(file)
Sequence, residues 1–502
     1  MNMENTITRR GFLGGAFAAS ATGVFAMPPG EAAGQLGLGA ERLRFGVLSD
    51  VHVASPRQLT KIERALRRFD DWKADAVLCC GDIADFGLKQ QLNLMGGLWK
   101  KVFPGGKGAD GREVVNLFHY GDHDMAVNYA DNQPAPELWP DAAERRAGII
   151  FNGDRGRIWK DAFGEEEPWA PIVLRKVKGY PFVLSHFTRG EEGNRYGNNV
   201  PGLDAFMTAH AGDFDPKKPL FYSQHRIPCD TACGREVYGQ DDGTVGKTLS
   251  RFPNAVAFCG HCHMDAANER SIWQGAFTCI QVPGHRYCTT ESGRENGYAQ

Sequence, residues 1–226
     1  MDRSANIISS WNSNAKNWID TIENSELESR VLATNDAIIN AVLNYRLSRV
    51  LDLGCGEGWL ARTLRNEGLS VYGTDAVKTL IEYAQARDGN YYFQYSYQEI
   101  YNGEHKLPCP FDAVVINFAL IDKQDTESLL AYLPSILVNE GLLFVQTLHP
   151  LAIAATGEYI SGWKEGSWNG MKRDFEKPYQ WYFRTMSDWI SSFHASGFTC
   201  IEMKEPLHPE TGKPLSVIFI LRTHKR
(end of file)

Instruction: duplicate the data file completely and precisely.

Sequence, residues 1–502
     1  MNMENTITRR GFLGGAFAAS ATGVFAMPPG EAAGQLGLGA ERLRFGVLSD
    51  VHVASPRQLT KIERALRRFD DWKADAVLCC GDIADFGLKQ QLNLMGGLWK
   101  KVFPGGKGAD GREVVNLFHY GDHDMAVNYA DNQPAPELWP DAAERRAGII
   151  FNGDRGRIWK DAFGEEEPWA PIVLRKVKGY PFVLSHFTRG EEGNRYGNNV
   201  PGLDAFMTAH AGDFDPKKPL FYSQHRIPCD TACGREVYGQ DDGTVGKTLS
   251  RFPNAVAFCG HCHMDAANER SIWQGAFTCI QVPGHRYCTT ESGRENGYAQ

Sequence, residues 1–226
     1  MDRSANIISS WNSNAKNWID TIENSELESR VLATNDAIIN AVLNYRLSRV
    51  LDLGCGEGWL ARTLRNEGLS VYGTDAVKTL IEYAQARDGN YYFQYSYQEI
   101  YNGEHKLPCP FDAVVINFAL IDKQDTESLL AYLPSILVNE GLLFVQTLHP
   151  LAIAATGEYI SGWKEGSWNG MKRDFEKPYQ WYFRTMSDWI SSFHASGFTC
   201  IEMKEPLHPE TGKPLSVIFI LRTHKR